This is the fourth year I’ve done a big countdown for my top twelve games, but I still feel like it’s a work in progress. My first installment back in 2010 seemed to assume that these were the twelve “best games EVAR,” like there was a standard that these games were held up to, and they were the ones found to be at the top of a linear list of every game I own. Now that I’m putting together this list for the fourth time, that’s obviously a load of crap. Not that I don’t consider these games among the best ever made, but the list this year is almost totally different from the first one that I published in 2010. I mean, I put Dominion on the first iteration of this list, and Puzzle Strike on the second one. Those might reflect the last time I wrote much positive about either one of those games. One list by itself doesn’t mean much anyway. I’m not the same gamer I was in 2010, and that’s fine. I keep doing these lists because they tell me a lot about where I am right now as a gamer. Consider this a portrait of what I want in a game in December of 2013.
What changed this year? Well first of all, no game got the benefit of being grandfathered in. A couple of old favorites that have decorated the list for a couple of years fell off because I just don’t enjoy them quite like I used to. That’s not to say they aren’t amazing games, or even that they wouldn’t make the list next year. But sometimes games have a time, and it comes and goes. I’ll never get rid of those games, and I’ll never speak ill of them. They just simply aren’t where I am now. Secondly, I see that my tastes in “ameritrash” games has shifted as well. They’ve started to veer into the direction of simpler and more direct titles, rather than nuanced mechanical narrative feasts. I still like that kind of game a lot, but the leaner meaner game is what will get played more often now. Anyway, without further ado, here are my top twelve games, 2013 edition.
12. Dungeons & Dragons Adventure System
I wrote a mildly positive review on these games last summer, but since then I’ve discovered that they’re a lot better than I gave them credit for. There’s very little fat on this system, which provides a terrific dungeon-crawling experience without a ton of mechanical chaff. No fussing with range, and no fastidious placement of figures so that they don’t get in each other’s way. I guess I just needed to let them be what they are (monster-bashing), and stop trying to make them what they aren’t (something to be optimized).
11. Clash of Cultures
Narrowly missing my “game of the year” title in 2012, it’s ended up being my favorite from last years crop, and easily my favorite civilization game. Everything I want is here: conflict, technology, and a special emphasis on cultural influence that is something I haven’t seen before in the genre. It’s an epic experience, and yet the rules are intuitive and focused. There isn’t a mess of tokens and figures all over the board, and you don’t fight with the rules, just the strategy.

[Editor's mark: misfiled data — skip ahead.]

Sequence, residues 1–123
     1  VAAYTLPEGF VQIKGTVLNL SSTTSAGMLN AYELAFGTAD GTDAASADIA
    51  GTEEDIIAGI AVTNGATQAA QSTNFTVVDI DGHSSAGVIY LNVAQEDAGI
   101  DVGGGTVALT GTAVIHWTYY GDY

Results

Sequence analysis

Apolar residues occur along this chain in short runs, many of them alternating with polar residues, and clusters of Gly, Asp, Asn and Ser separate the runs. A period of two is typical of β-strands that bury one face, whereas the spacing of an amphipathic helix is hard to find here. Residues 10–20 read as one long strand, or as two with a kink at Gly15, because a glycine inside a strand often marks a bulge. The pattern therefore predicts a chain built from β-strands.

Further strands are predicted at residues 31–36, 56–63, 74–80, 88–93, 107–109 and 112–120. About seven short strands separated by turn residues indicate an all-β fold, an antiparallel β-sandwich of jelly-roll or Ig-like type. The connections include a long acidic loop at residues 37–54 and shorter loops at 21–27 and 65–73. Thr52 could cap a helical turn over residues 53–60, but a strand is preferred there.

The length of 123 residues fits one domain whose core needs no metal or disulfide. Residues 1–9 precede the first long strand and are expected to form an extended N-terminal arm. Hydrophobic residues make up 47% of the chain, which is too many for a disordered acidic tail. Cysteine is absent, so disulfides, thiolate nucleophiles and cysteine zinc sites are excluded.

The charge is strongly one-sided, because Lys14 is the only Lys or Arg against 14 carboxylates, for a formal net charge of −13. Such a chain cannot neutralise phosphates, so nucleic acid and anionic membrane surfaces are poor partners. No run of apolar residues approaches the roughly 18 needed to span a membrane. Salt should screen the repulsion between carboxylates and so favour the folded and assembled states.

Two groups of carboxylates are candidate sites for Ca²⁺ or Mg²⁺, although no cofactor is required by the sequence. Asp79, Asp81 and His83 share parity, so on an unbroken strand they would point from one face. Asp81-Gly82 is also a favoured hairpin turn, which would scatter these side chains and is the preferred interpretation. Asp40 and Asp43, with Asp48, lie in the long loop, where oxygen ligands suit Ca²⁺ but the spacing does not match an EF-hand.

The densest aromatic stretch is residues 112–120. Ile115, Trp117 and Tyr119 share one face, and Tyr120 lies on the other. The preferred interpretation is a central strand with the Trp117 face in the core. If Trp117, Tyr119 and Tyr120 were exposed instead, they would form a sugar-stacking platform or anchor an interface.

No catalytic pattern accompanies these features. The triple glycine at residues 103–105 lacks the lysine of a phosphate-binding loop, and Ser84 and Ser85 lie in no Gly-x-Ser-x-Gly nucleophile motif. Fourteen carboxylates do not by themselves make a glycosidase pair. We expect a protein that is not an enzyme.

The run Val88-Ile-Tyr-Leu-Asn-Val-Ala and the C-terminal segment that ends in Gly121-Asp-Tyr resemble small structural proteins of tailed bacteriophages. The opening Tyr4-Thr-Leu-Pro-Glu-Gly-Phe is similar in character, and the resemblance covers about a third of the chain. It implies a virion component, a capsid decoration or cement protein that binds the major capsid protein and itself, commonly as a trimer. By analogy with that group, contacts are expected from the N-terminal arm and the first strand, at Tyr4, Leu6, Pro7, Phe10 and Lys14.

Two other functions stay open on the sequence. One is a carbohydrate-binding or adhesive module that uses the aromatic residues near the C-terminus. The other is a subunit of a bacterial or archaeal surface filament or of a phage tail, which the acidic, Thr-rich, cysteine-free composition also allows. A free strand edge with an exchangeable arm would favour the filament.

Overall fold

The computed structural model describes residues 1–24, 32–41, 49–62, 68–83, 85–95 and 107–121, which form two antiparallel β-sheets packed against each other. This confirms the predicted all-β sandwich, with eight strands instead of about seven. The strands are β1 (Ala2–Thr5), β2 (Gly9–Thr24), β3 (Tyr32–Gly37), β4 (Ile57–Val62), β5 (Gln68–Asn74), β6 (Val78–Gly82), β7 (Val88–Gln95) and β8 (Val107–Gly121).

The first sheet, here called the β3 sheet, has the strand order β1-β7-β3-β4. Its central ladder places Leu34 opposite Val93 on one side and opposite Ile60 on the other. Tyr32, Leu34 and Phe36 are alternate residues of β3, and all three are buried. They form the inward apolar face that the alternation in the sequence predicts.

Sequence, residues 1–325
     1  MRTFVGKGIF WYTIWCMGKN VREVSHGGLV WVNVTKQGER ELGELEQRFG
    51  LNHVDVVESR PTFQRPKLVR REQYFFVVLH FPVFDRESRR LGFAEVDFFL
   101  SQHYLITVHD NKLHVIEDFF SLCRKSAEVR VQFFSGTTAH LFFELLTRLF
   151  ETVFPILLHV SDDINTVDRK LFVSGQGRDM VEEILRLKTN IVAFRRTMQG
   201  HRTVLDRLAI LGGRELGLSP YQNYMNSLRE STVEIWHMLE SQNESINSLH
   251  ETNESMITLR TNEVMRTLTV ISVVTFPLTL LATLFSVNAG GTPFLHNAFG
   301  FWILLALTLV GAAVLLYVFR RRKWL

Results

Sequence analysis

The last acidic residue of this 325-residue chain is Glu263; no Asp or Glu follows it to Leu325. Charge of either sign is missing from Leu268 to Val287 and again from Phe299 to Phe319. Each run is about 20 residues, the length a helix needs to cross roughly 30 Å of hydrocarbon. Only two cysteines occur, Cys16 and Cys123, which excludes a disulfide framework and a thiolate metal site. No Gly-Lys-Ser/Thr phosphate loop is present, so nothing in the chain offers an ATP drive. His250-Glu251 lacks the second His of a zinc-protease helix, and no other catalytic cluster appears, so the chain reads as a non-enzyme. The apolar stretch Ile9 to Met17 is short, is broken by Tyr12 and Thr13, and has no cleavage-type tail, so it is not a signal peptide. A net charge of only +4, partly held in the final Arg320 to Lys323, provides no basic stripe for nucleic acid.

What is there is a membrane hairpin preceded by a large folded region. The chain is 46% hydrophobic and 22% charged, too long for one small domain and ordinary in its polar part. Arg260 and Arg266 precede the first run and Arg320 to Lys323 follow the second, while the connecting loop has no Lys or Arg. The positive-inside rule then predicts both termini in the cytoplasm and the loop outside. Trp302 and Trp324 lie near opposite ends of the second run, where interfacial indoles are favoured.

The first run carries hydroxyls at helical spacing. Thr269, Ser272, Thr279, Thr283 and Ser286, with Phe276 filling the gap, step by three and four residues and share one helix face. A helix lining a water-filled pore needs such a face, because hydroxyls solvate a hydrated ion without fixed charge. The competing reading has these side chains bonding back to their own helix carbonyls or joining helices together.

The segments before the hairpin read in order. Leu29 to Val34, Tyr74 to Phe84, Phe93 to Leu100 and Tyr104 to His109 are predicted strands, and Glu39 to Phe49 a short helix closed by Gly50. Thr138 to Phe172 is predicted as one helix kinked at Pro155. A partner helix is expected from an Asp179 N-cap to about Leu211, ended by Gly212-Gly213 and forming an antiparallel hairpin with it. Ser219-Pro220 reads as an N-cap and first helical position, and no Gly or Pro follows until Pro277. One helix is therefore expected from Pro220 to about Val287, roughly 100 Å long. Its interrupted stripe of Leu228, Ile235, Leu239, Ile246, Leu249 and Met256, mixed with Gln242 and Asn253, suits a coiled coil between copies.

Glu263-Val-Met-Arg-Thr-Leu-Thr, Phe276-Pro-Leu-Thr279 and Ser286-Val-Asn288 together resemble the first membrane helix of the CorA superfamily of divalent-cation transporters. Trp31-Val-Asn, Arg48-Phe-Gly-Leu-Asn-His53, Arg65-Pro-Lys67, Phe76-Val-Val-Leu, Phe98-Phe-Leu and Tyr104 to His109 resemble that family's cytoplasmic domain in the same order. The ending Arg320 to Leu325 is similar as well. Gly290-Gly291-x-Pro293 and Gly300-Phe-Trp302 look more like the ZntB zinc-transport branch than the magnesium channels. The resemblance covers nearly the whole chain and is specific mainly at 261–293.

Boy, who would have thought that this one would stick around? My tastes have moved far afield from Agricola, but it’s come to represent everything I hope for in heavier Eurogames. There may not be a ton of conflict, but it’s just so darn interesting to me. I’ve played so much that I’m almost out of scoresheets, but there still is never an easy decision for this game. Those minor improvements and occupations have it legs like I wouldn’t believe, and I’m still playing it five years later.
9. Mage Knight
Easily the most complex game on this list, and the most complex one I own for that matter, Mage Knight is one that I almost never play with real people, but that has made its presence known almost totally as a solo game. And boy, it’s really good. I mean, it just has so many nuances that gel into something that has to be experienced. It may require an apprenticeship to appreciate, but for once I think it’s actually worth the trouble. There’s nothing quite like it, and even without the expansion (regrettably I’ve never gotten around to buying that one), it has enough for years to come.
8. Duel of Ages II
Perhaps you find it ridiculous that I would praise such a recent game so strongly. To be fair it’s a pretty ridiculous game, so who cares? The tactical gameplay is stripped down and intuitive, and it’s covered in a bizarre everyone-versus-everyone-else-with-everything setting that sounds dumb in theory, and is certainly dumb in practice. But it’s also incredibly fun, and surprisingly organic as themes go. If there’s one main idea on this list that revealed itself, it’s that games should feel like play. This one gets that better than any game that’s come out in years.